With this tool the user can generate a clear and distinctive display of complex and difficult-to-read flow volume time series, for example, for a particular District Metered Area (DMA) or a supply area. This display provides support in the interpretation of the changes present in the time series in terms of known processes and influences (weather, holidays, etc.) and indications of unknown processes (new leakages, wrong valve positions, customer behaviour).
Underground water distribution networks are occasionally subject to leakages. These are not always easy to determine, nor are the associated losses. Peter van Thienen has developed a method of quickly determining leakage losses: the Comparison of Flow Pattern Distributions (CFPD). Thanks to this innovative method, water companies can make use of the data they already collect to target their efforts in determining the causes of inconsistencies in water balance, as well as gaining more insight into their data and network.
Based on the supply patterns for different periods, the CFPD can characterise and quantify the demand changes and the changes in water losses due to leakage in a specific area.
When there are indications of new leakages and/or wrong valve positions, then further inspections – in the field for instance – can be carried out. The tool therefore constitutes an important source of information to effectively reduce leakage losses, gain insight into customer behaviour and control the distribution process.
How does it work?
The CFPD conducts a comparative analysis of the flow signals of different periods. These can be days, weeks, months, or other periods of arbitrary length. The comparison identifies the changes (including date) and divides them into types, which are quantified independently of each other.
Some processes that influence the flow are manifested in only one type of change, other processes only in the other type, while some others are, or may be, manifested in both. This differentiation makes it much easier for the user to interpret the observed changes. Based on the available knowledge of the network (operational management, leakage repairs, etc.) and the area (holidays, weather, agriculture, etc.), irrelevant changes can be crossed out, leaving only those changes that require attention (since they may signal leakages or open valves).
The software converts the raw flow volume data into readable CFPD charts. It also enables the generation of a report, which the user can then interpret in terms of the processes concerned.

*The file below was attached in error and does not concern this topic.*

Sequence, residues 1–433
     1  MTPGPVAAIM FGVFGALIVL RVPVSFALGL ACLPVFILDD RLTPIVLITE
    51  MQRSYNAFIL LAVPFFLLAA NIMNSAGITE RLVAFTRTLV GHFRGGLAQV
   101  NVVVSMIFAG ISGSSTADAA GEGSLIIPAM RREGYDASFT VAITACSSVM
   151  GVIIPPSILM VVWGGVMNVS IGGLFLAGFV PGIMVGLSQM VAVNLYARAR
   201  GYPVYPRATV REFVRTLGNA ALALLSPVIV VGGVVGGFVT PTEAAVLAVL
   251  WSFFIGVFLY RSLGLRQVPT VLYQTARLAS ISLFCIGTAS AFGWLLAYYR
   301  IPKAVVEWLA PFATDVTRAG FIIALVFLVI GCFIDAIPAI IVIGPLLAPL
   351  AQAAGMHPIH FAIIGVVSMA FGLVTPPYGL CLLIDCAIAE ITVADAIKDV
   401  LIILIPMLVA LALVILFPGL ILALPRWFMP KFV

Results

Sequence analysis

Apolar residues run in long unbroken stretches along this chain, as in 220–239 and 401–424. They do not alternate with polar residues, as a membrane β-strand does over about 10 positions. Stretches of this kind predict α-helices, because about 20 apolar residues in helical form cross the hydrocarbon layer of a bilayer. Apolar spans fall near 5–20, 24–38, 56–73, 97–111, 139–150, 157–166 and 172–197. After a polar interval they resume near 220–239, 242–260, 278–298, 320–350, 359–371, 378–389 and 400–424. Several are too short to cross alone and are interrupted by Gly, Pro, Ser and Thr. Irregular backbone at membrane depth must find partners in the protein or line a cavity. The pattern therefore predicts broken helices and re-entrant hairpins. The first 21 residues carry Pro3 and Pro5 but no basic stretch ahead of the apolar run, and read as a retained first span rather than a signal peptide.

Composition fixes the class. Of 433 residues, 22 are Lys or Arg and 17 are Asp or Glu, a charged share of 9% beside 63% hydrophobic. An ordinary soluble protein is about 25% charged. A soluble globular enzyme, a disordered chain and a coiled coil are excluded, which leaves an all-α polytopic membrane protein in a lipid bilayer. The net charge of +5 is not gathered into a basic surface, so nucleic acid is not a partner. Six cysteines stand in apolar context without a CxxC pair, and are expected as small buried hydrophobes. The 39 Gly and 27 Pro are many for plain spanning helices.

The software runs on the Watershare® server and can be accessed with a web browser. The software is also available for installation in the company’s own network or as a stand-alone tool. The user can upload the flow data (CSV or XLSX format), perform analyses and generate reports of these. . Any unexpected feature in the data can also be zoomed in on interactively. A report is generated containing the created charts. This can be done for a single DMA or supply area, but also for several areas in parallel, allowing for comparisons to be made between them.
There are several forms of support available to ensure that you optimise your use of the tool, and that you are updated on all the latest developments. Specifically, you can make use of the following options to suit your particular situation:
- A short introductory – or more elaborate – course on the Network Flow Performance for you, your clients and other stakeholders.
- Expanded or modified functionalities to create tailored solutions.
- Consultancy services.
- Access to Network Flow Performance-related projects or research.
Exercises (with solutions) to familiarize the user with both the CFPD methodology and the NFP tool are available upon request.
Mentioned in: 4 Publications
Enrolled in: 3 Cases in 2 Countries
- Van Thienen, P. and I. Vertommen (2016)
Automated feature recognition in CFPD analyses of DMA or supply area flow data. Journal of Hydroinformatics 18 (3) 514-530; DOI: 10.2166/hydro.2015.056
- Irons, L., J. Boxall, V. Speight, B. Holden and B. Tam (2015)
Data driven analysis of customer flow meter data. Procedia Engineering, 119, 2015, Pages 834-843
- Zwolsman, G., P. van Thienen, K. Zuurbier, C. van Leeuwen and E. Görgün (2015)
WaterShare(R): an international network for efficient knowledge transfer within the water sector - potential applications in Turkey. Proceedings of the 3rd International Water Congress on Sustainable Water Management, Izmir, Turkey, October 2015.
- Pieterse-Quirijns, I. et al. (2015)
Toepassing en uitwisseling van waterdistributiekennis in Zuid-Afrika. H2O Online.
- Van Thienen, P. and F. Montiel (2014)
Flow Analysis and Leak Detection with the CFPD Method in the Paris Drinking Water Distribution System. 11th International Conference on Hydroinformatics
- Van Thienen, P. (2013)
"A method for quantitative discrimination in flow pattern evolution of water distribution supply areas with interpretation in terms of demand and leakage."
Journal of Hydroinformatics Vol 15 No 1 pp 86–102 doi:10.2166/hydro.2012.171
- Peter van Thienen, Ilse Pieterse-Quirijns, Jan Vreeburg, Karel Vangeel and Zoran Kapelan (2013)
"Applications of discriminative flow pattern analysis using the CFPD method."
Water Science & Technology: Water Supply Vol 13 No 4 pp 906–913 doi:10.2166/ws.2013.080
- Peter van Thienen, Jan Vreeburg and Henk de Kater (2013)
"Water flow data key to pinpointing change."
Water21 June 2013 (15.3) pp36
Also in Chinese
- 确定变化的 关键流量数据
Water21 Chinese language supplement, november 2013
- Peter Van Thienen, Ilse Pieterse-Quirijns, Henk de Kater, Johan Duifhuizen
"Nieuwe lekverliesbepalingsmethoden voor het drinkwaterdistributienet."
H2O April 13, 2012